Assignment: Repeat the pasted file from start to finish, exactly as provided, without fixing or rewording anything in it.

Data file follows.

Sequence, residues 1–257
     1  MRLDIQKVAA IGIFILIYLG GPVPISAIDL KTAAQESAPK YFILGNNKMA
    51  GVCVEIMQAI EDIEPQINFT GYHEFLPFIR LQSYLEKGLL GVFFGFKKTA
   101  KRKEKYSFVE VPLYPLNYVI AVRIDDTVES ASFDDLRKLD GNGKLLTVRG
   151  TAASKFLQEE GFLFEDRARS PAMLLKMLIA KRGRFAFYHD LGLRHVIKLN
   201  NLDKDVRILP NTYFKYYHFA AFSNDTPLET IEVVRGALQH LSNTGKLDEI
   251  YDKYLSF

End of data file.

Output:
Sequence, residues 1–257
     1  MRLDIQKVAA IGIFILIYLG GPVPISAIDL KTAAQESAPK YFILGNNKMA
    51  GVCVEIMQAI EDIEPQINFT GYHEFLPFIR LQSYLEKGLL GVFFGFKKTA
   101  KRKEKYSFVE VPLYPLNYVI AVRIDDTVES ASFDDLRKLD GNGKLLTVRG
   151  TAASKFLQEE GFLFEDRARS PAMLLKMLIA KRGRFAFYHD LGLRHVIKLN
   201  NLDKDVRILP NTYFKYYHFA AFSNDTPLET IEVVRGALQH LSNTGKLDEI
   251  YDKYLSF